Synonyms for libreoffice or Related words with libreoffice


Examples of "libreoffice"
LibreOffice Calc and LibreOffice Writer and a new default LibreOffice theme, "libreoffice-style-elementary", was provided.
LibreOffice supports font embedding since version 4.1. This feature is available for the word processor LibreOffice Writer, the spreadsheet application LibreOffice Calc, and the presentation application LibreOffice Impress.
LibreOffice Calc is the spreadsheet component of the LibreOffice software package.
Most Linux distributions promptly replaced with LibreOffice; Oracle Linux 6 also features LibreOffice rather than or Apache OpenOffice. The project rapidly accumulated developers, development effort and added features, the majority of outside developers having moved to LibreOffice. In March 2015, an development comparison of LibreOffice with Apache OpenOffice concluded that "LibreOffice has won the battle for developer participation".
LibreOffice supports third-party extensions. , the LibreOffice Extension Repository lists more than 280 extensions. Another list is maintained by the Apache Software Foundation and another one by the Free Software Foundation. Extensions and scripts for LibreOffice can be written in C++, Java, CLI, Python, and LibreOffice Basic. Interpreters for the latter two are bundled with most LibreOffice installers, so no additional installation is needed. The application programming interface for LibreOffice is called "UNO" and is extensively documented.
In September 2010, The Document Foundation announced LibreOffice as a fully separate fork of Go-oo was deprecated in favour of LibreOffice and Go-oo changes were incorporated into LibreOffice.
Go-oo also encouraged outside contributions, with rules similar to those later adopted for LibreOffice. When LibreOffice forked, Go-oo was deprecated in favour of that project.
responsible for the packaging and development of LibreOffice for Ubuntu and was welcomed as someone having "a deep expertise on the LibreOffice core".
Programmers can write and integrate their own UNO components to OpenOffice/LibreOffice. Those components can be added to the LibreOffice menus and toolbars; they are called "Add-Ons".
In March 2015, an comparison of LibreOffice with its cousin project Apache OpenOffice concluded that "LibreOffice has won the battle for developer participation".
Versions for LibreOffice Calc include the following:
Versions for LibreOffice Writer include the following:
LibreOffice Online will allow for the use of LibreOffice through a web browser by using the canvas element of HTML5. Development was announced at the first LibreOffice Conference in October 2011, and is ongoing. LibreOffice announced a collaboration with Icewarp and Collabora to work on the cross-platform interface. A version of the software was shown in a September 2015 conference, and the UK Crown Commercial Service announced an interest in using the software. On 15 December 2015, Collabora, in partnership with ownCloud, released a technical preview of Libreoffice Online branded as Collabora Online Development Edition (CODE). By October 2016, Collabora had released nine updates to CODE.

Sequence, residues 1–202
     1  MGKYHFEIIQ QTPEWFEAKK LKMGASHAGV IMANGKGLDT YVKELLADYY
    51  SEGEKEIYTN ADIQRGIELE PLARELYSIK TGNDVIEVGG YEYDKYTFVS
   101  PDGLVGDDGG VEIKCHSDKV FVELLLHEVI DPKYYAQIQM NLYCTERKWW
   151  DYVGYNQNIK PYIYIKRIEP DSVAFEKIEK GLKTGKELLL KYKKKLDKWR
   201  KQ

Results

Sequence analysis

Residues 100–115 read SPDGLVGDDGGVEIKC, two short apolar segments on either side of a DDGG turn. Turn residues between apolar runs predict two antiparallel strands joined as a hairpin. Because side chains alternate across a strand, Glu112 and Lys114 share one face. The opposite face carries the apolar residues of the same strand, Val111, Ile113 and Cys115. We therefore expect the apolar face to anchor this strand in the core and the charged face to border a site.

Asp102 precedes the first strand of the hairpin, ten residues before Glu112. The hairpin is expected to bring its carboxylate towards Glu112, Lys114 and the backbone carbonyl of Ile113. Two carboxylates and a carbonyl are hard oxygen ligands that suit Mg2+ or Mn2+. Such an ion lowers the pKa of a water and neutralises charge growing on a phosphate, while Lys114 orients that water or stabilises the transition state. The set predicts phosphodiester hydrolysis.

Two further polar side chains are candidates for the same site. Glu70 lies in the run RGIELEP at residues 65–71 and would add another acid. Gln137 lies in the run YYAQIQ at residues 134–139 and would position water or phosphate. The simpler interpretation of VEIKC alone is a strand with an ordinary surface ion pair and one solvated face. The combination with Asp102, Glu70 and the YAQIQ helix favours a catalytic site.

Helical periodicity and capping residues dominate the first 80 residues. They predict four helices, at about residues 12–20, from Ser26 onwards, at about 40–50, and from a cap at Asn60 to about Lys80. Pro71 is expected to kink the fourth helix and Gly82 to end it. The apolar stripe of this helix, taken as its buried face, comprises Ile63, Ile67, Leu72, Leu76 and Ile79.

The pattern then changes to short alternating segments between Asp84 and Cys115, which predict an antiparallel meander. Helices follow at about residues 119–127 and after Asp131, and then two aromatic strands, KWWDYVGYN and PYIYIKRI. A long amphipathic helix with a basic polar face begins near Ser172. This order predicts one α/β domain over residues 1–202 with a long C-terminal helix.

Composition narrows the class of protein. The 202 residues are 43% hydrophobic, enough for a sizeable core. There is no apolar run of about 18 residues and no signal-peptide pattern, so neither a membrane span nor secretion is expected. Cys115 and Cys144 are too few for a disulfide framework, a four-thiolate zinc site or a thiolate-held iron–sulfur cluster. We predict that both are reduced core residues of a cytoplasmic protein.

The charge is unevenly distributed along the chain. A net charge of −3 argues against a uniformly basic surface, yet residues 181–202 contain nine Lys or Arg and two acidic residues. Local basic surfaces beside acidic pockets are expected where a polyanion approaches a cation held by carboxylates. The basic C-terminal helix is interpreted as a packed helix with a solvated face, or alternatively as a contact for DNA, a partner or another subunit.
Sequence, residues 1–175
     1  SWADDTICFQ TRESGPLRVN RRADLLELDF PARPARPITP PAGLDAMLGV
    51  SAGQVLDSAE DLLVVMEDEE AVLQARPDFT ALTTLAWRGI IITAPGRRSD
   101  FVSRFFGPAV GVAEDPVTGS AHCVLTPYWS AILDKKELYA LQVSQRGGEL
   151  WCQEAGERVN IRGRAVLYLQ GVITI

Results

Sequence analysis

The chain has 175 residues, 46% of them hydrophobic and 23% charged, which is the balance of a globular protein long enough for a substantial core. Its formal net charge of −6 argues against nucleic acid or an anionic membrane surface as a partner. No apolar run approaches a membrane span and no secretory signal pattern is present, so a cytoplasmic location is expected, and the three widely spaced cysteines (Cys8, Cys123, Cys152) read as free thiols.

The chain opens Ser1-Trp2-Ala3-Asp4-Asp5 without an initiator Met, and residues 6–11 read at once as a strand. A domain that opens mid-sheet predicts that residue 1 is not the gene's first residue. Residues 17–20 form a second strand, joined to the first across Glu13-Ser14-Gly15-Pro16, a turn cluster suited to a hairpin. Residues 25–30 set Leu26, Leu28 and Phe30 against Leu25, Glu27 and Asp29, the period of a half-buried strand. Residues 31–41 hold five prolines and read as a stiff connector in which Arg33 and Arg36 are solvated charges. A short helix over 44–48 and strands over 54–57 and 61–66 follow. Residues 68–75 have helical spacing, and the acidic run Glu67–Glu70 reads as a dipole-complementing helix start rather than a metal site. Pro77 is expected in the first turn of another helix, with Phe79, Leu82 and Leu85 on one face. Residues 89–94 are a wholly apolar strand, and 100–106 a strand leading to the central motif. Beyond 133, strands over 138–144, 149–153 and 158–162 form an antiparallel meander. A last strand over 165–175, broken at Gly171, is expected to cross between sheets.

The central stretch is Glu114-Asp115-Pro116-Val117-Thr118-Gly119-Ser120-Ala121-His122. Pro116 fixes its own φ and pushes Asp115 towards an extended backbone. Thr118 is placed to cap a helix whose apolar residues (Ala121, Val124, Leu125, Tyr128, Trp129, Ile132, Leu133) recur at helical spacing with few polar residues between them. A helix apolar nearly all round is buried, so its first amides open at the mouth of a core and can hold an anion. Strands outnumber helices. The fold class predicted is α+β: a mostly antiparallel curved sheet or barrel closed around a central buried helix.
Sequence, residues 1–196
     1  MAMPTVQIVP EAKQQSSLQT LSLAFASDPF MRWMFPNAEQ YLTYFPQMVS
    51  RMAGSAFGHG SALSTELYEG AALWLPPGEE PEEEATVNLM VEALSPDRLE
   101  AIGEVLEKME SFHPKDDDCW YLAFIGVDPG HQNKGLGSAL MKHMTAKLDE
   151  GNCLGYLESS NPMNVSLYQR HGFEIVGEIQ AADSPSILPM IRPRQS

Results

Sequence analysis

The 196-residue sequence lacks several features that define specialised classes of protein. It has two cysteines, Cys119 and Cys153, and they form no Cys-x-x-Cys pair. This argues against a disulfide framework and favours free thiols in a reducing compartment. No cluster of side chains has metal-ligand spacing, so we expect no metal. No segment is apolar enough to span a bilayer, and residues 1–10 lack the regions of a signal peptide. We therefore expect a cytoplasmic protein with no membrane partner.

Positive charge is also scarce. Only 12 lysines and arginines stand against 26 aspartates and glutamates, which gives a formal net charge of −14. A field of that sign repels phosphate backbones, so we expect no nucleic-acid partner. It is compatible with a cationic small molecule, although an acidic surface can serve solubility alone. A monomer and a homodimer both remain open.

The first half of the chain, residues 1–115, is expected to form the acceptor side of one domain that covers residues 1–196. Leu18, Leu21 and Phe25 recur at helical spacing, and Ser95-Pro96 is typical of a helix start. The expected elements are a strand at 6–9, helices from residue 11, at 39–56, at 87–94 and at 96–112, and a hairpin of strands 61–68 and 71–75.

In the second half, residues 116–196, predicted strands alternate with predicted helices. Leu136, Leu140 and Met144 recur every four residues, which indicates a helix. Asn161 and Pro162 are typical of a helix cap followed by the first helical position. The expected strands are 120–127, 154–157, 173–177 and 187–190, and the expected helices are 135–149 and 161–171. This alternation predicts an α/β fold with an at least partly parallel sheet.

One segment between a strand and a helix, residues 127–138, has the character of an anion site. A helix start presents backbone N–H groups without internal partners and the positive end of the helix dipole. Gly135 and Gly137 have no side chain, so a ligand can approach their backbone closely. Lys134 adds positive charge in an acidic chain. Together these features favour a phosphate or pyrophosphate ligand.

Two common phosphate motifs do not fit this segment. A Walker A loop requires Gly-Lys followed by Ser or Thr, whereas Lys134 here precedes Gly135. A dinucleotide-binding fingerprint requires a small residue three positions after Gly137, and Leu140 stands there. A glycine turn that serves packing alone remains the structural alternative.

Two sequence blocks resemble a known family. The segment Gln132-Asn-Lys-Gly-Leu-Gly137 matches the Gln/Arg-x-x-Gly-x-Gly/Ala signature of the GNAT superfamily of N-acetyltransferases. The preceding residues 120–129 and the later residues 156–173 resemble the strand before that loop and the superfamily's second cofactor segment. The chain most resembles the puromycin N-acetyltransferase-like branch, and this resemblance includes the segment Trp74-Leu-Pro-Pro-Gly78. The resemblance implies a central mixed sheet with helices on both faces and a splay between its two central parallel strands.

LibreOffice has seen various mass deployments since its inception:
See Excel, Mac Numbers, Libreoffice, Open Office for more details.
Michaelsen joined LibreOffice in 2011 and became an appointed member of the Engineering Steering Committee from the beginning, was in the initial set of certified LibreOffice developers and championed multiple initiatives of the LibreOffice project, including the migration to a new improved build system.
The Add-Ons can extend the functionality of LibreOffice.
Firefox for Android ("Fennec") front-end code was taken as a base for the new development in the LibreOffice project for Android (along with the pre-existing cross-platform "LibreOffice" document engine). Further work made that "Fennec" code the core component of LibreOffice Viewer for Android, which was released on 28 May 2015 for Android 4.0 or newer.
LibreOffice also takes some changes from Apache OpenOffice, and in 2013 acknowledged 4.5% of new commits in LibreOffice 4.1 as coming from Apache contributors. LibreOffice also rebased its LGPL version 3 codebase on the Apache OpenOffice 3.4 source code (though it uses MPL v2, not the Apache Licence) to allow wider (but still copyleft) licensing under MPL v2+ and LGPL v3+.
LibreOffice 3.3 beta used the ooo-build build infrastructure and the 3.3 beta code from Oracle, then adding selected patches from Go-oo. Go-oo was discontinued in favour of LibreOffice. Since the office suite that was branded "" in most Linux distributions was in fact Go-oo, most moved immediately to LibreOffice.